IVF treatment is known to be associated with increased levels of anxiety (Schaller et al. 2016). The stress and anxiety are related to possible failure to achieve a successful pregnancy despite the investment of many resources during the process (Schaller et al. 2016). However, some of the anxiety is directly concerned with the health risks the women must take such as ‘bleeding or infection after the oocyte aspiration’ (Schaller et al. 2016). In our study, patient's anxiety levels were measured by the GAD questionnaire. Fear of pain and anger levels in the GOD questionnaire apparently had little influence of the decision on SaA. Stening et al. (2012) showed that pain perception and tolerance in women undergoing IVF did not vary, despite the dramatic changes in 17β-estradiol levels induced by the treatment regimen. They suggested that changes in estrogen levels have little influence on pain sensitivity in humans, contrary to experimental animals.

Concern regarding pain during OPU is usually overcome by the widespread use of SaA. However, our study supports the notion that for some patients the use of SaA creates a new form of concern. Our results show that fear of anesthesia was more strongly related to the decision to undergo OPU without SaA then patients’ anxiety levels. However, among patients who declined SaA prior to OPU, none asked to stop the OPU procedure prematurely due to pain or changed their mind during the procedure.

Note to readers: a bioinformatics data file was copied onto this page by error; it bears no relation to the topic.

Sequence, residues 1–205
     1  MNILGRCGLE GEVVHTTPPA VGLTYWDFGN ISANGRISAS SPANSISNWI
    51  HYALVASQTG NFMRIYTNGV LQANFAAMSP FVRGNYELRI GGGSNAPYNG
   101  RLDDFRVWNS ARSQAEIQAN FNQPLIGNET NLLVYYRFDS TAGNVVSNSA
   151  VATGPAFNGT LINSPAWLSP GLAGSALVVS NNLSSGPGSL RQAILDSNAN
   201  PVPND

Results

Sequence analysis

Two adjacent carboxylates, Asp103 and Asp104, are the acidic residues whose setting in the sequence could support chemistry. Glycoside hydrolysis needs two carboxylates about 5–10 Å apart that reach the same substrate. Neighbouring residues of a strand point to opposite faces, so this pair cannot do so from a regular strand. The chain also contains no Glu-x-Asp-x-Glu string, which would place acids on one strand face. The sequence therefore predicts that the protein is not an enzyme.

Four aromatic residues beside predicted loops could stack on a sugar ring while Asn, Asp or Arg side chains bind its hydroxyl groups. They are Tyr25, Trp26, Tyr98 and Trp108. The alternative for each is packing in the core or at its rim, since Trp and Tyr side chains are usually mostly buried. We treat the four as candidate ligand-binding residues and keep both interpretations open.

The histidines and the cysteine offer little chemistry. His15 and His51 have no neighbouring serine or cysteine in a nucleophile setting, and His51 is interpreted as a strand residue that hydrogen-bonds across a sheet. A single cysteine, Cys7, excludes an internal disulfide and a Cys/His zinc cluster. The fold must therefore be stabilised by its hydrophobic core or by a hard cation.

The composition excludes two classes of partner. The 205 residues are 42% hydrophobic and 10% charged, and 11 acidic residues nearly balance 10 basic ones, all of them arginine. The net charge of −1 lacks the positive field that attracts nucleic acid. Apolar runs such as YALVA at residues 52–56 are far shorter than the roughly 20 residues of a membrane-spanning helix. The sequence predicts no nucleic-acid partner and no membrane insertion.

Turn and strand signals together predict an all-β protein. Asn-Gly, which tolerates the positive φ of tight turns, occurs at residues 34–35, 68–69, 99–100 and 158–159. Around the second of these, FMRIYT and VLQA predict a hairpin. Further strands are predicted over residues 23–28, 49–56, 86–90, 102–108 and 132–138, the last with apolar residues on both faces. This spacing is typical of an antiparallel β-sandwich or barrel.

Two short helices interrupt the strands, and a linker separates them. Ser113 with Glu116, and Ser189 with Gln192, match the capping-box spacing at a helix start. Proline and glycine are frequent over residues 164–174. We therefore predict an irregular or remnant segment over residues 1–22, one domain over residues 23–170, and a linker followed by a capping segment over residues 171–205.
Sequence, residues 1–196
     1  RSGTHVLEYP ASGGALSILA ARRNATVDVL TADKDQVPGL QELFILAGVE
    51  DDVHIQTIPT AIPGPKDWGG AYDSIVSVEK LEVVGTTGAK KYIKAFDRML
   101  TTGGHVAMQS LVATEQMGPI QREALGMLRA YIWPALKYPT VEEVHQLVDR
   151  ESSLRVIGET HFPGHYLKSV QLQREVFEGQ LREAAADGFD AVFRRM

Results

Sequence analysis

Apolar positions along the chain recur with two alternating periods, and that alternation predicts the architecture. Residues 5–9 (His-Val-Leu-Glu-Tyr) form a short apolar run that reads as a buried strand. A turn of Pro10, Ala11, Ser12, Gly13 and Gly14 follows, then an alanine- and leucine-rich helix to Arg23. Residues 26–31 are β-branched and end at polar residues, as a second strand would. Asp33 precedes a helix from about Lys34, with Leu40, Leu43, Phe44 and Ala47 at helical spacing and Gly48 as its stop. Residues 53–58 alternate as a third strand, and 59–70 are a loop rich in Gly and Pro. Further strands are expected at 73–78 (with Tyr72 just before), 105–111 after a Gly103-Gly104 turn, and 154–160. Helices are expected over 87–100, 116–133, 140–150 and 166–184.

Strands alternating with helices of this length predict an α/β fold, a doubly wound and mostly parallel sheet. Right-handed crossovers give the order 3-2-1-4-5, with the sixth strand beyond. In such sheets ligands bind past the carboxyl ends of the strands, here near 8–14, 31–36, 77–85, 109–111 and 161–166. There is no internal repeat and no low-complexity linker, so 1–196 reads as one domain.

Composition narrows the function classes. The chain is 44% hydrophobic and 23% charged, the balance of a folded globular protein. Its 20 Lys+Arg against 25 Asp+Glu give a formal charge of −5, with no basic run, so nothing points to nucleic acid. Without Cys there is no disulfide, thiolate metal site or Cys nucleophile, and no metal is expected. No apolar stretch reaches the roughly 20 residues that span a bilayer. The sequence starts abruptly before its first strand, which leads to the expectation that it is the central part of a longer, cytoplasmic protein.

OPU is associated with a significant degree of pain. However, three quarters of our patients reported experiencing only mild to moderate pain when undergoing OPU without SaA. This could be attributed at least in part to the use of improved newly designed OPU needles with a thin tip (Wikland et al. 2011, Nakagawa et al. 2015, Iduna Antigoni Buisman et al. 2020). Oocyte aspiration performed with the newly designed thinner-tipped needles, like the 19-gauge needle used in the present study, were shown to be associated with significantly less overall pain (Wikland et al. 2011, Nakagawa et al. 2015, Iduna Antigoni Buisman et al. 2020).

In our study, women made their decision regarding whether to undergo OPU with or without SaA prior to recruitment. This means that our study reflects the objective decision of the women before enrollment. The inherent selection bias is acknowledged, however, it does not interfere with the goal of this study which was to extend our understanding of why some women decide to undergo OPU without SaA. Since all patients undergoing OPU at our center are routinely offered SaA at no extra cost, financial concerns could not have been a major consideration for our study participants.